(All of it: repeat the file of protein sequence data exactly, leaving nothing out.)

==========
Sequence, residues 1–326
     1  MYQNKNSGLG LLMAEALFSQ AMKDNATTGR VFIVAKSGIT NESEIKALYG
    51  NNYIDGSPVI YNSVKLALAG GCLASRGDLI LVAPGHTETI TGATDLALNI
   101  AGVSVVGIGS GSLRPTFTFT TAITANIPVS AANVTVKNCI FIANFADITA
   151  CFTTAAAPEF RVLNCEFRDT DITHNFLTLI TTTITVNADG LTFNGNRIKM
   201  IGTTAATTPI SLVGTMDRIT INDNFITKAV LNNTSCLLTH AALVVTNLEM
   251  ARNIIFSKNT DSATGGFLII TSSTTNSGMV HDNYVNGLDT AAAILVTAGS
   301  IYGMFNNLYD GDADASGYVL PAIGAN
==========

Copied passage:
Sequence, residues 1–326
     1  MYQNKNSGLG LLMAEALFSQ AMKDNATTGR VFIVAKSGIT NESEIKALYG
    51  NNYIDGSPVI YNSVKLALAG GCLASRGDLI LVAPGHTETI TGATDLALNI
   101  AGVSVVGIGS GSLRPTFTFT TAITANIPVS AANVTVKNCI FIANFADITA
   151  CFTTAAAPEF RVLNCEFRDT DITHNFLTLI TTTITVNADG LTFNGNRIKM
   201  IGTTAATTPI SLVGTMDRIT INDNFITKAV LNNTSCLLTH AALVVTNLEM
   251  ARNIIFSKNT DSATGGFLII TSSTTNSGMV HDNYVNGLDT AAAILVTAGS
   301  IYGMFNNLYD GDADASGYVL PAIGAN